© Reuters. FILE PHOTO: A U.S. Dollar banknote
By Kevin Buckland and Stanley White
TOKYO (Reuters) – The dollar languished near its lowest level in nearly three years on Thursday after Democrats won control of the U.S. Senate, clearing the way for a larger fiscal stimulus under President-elect Joe Biden.
Currency markets were largely unperturbed by scenes of chaos in Washington as supporters of outgoing President Donald Trump stormed Capitol Hill.
Analysts generally assume a Democrat-controlled Senate would be a net positive for economic growth globally and thus for most risk assets, but negative for bonds and the dollar as the U.S. budget and trade deficits may widen further.
The was little changed at 89.321 in early Asian trade on Thursday, after dipping to its lowest since March 2018 at 89.206 overnight.
The yield on the benchmark 10-year Treasury note climbed as high as 1.054% on Wednesday for the first time since the market mayhem of mid-March.
Masafumi Yamamoto, chief currency strategist at Mizuho Securities in Tokyo, sees the dollar’s fortunes split with Democrats controlling both Houses.
“The dollar will remain weaker against commodity currencies like the and emerging market currencies,” which benefit when risk sentiment is positive, he said.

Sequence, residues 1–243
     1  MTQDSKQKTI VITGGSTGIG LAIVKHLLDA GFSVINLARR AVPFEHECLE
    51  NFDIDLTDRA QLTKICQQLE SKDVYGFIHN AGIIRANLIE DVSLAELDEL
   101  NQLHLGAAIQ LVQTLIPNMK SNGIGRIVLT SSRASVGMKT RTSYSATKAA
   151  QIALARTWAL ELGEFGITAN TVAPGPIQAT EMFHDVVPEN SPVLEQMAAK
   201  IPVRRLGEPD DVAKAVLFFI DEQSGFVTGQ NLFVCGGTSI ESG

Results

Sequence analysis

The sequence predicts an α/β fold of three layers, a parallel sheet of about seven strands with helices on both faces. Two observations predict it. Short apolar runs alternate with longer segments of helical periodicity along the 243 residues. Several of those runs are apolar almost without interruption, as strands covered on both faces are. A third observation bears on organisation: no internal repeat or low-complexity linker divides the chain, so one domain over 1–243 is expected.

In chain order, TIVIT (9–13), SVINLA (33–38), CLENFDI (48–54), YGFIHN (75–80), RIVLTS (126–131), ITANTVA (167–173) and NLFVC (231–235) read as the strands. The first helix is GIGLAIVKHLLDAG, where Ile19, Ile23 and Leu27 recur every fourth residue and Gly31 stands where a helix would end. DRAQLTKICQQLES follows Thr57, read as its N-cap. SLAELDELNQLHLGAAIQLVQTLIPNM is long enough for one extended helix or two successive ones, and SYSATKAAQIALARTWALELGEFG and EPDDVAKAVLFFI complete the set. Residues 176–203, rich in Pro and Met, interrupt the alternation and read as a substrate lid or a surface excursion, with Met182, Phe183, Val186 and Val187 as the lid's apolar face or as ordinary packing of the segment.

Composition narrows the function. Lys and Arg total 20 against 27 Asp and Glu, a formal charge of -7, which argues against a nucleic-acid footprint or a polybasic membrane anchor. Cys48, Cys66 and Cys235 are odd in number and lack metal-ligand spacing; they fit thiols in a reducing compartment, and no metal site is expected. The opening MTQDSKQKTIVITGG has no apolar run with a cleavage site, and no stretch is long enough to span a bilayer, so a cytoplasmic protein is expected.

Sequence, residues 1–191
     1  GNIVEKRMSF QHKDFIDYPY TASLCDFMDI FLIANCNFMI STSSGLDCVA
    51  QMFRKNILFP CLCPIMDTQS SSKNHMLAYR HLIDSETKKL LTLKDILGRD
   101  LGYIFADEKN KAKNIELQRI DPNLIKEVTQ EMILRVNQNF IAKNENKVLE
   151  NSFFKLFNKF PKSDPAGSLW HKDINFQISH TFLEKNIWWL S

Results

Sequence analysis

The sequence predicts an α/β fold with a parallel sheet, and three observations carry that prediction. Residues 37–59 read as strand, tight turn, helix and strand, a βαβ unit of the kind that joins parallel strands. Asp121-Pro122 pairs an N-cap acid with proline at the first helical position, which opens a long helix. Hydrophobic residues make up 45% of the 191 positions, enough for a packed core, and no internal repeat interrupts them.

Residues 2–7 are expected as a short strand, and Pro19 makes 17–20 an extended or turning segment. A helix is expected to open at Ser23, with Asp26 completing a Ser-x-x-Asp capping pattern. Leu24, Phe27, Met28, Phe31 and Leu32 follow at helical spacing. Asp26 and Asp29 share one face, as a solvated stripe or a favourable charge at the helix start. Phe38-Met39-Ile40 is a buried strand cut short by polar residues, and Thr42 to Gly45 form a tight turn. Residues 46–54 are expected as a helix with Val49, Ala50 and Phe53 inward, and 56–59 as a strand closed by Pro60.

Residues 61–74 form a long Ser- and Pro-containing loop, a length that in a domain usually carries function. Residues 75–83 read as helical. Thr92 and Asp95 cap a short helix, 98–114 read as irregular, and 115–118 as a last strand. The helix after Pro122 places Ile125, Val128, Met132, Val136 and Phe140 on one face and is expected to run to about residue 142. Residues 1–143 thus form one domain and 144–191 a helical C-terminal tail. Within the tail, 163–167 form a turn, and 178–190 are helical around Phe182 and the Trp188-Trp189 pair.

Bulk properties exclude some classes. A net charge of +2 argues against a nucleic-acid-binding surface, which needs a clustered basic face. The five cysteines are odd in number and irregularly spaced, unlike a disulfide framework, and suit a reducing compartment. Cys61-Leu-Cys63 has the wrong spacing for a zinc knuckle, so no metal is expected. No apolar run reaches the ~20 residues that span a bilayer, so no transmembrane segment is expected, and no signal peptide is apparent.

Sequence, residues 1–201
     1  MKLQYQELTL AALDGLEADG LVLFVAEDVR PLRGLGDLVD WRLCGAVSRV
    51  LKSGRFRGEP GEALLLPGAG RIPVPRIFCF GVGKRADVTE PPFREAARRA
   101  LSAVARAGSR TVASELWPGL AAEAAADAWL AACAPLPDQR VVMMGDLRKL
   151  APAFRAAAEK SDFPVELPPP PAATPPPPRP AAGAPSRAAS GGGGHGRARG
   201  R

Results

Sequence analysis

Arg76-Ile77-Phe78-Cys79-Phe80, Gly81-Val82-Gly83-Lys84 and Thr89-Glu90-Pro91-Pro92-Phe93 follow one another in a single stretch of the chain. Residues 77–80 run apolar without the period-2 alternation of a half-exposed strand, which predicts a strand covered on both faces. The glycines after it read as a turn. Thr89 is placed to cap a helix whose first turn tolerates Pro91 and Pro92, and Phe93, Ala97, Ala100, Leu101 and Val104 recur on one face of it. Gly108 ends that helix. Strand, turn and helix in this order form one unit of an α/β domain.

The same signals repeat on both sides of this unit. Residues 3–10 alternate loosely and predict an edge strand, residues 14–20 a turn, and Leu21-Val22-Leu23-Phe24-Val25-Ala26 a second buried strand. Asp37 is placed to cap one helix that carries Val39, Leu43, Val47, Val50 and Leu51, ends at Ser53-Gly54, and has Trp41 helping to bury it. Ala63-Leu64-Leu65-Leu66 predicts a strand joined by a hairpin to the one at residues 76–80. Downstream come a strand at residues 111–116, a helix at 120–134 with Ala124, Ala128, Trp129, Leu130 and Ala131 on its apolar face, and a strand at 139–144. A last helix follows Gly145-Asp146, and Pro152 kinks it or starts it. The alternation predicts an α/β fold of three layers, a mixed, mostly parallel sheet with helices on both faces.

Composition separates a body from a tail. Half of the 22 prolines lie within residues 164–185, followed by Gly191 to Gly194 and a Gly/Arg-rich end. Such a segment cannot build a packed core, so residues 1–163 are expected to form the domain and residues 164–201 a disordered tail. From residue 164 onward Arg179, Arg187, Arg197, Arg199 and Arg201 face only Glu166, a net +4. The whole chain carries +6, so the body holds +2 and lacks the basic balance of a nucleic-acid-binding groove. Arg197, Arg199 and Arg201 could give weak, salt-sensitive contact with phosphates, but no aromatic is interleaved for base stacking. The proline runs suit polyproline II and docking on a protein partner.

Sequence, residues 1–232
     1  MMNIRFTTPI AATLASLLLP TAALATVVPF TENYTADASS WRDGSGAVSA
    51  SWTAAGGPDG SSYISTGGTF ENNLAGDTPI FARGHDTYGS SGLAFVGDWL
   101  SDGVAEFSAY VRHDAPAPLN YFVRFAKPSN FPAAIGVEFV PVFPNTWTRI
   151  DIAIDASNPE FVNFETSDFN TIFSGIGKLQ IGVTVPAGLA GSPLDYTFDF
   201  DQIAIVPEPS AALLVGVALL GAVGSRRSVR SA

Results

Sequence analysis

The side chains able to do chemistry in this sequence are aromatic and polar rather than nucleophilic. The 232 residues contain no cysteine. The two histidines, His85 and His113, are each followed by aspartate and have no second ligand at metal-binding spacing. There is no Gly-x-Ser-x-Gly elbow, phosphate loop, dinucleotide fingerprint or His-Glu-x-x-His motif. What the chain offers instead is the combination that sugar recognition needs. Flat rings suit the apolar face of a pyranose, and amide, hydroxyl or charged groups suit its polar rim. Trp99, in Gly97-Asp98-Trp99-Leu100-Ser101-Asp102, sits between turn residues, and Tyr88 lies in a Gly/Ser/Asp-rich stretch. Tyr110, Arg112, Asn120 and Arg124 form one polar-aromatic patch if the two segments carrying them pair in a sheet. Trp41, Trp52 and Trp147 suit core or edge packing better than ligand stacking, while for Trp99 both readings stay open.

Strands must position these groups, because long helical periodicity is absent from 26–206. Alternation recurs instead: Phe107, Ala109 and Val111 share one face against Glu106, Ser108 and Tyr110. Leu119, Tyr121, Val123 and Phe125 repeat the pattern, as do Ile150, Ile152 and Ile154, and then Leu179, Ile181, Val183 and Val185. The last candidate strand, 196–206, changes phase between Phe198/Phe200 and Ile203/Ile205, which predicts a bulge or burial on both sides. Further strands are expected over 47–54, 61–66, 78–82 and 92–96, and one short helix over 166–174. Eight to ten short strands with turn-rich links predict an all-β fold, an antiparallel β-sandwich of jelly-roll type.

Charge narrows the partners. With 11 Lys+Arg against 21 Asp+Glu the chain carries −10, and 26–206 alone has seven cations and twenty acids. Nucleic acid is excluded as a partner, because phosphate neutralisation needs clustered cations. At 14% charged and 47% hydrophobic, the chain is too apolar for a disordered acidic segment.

At the same time, “higher Treasury yields should benefit the dollar against the euro and the yen, because the dollar has underpriced the potential for U.S economic recovery under Biden.”
The riskier Australian dollar was little changed at 78.025 U.S. cents after touching a nearly three-year high of 78.195 on Wednesday.
The euro gained 0.1% to $1.23385, approaching the $1.2349 level it reached Wednesday for the first time since April 2018.
The dollar fell 0.1% to 102.965 yen, after dipping to 102.595 on Wednesday for the first time since March.
But after a fall of nearly 7% in 2020 for the dollar index and a drop of as much as 0.9% in the new year, the U.S. currency may get some respite from some unwinding of a crowded trade.
“People have been bearish on the dollar now for at least six or nine months,” said Minh Trang, senior FX trader at Silicon Valley Bank in Santa Clara, California.
“Obviously you are going to have to take a little bit of a breather every now and then.”
marked a fresh all-time high of $37,386 on Thursday, extending a surge of more the 800% since mid-March.
It last traded at $37,382.